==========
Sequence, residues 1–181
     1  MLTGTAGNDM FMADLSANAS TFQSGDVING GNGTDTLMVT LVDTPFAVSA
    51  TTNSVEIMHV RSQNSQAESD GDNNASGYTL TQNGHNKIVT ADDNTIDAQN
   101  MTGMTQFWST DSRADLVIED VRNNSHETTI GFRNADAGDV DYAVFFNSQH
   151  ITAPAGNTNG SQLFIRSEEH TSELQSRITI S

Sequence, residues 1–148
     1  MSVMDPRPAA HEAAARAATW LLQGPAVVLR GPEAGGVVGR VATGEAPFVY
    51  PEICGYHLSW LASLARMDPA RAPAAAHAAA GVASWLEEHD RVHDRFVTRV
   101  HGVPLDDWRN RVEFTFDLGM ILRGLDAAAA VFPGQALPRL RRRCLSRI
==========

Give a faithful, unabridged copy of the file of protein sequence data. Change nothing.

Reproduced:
Sequence, residues 1–181
     1  MLTGTAGNDM FMADLSANAS TFQSGDVING GNGTDTLMVT LVDTPFAVSA
    51  TTNSVEIMHV RSQNSQAESD GDNNASGYTL TQNGHNKIVT ADDNTIDAQN
   101  MTGMTQFWST DSRADLVIED VRNNSHETTI GFRNADAGDV DYAVFFNSQH
   151  ITAPAGNTNG SQLFIRSEEH TSELQSRITI S

Sequence, residues 1–148
     1  MSVMDPRPAA HEAAARAATW LLQGPAVVLR GPEAGGVVGR VATGEAPFVY
    51  PEICGYHLSW LASLARMDPA RAPAAAHAAA GVASWLEEHD RVHDRFVTRV
   101  HGVPLDDWRN RVEFTFDLGM ILRGLDAAAA VFPGQALPRL RRRCLSRI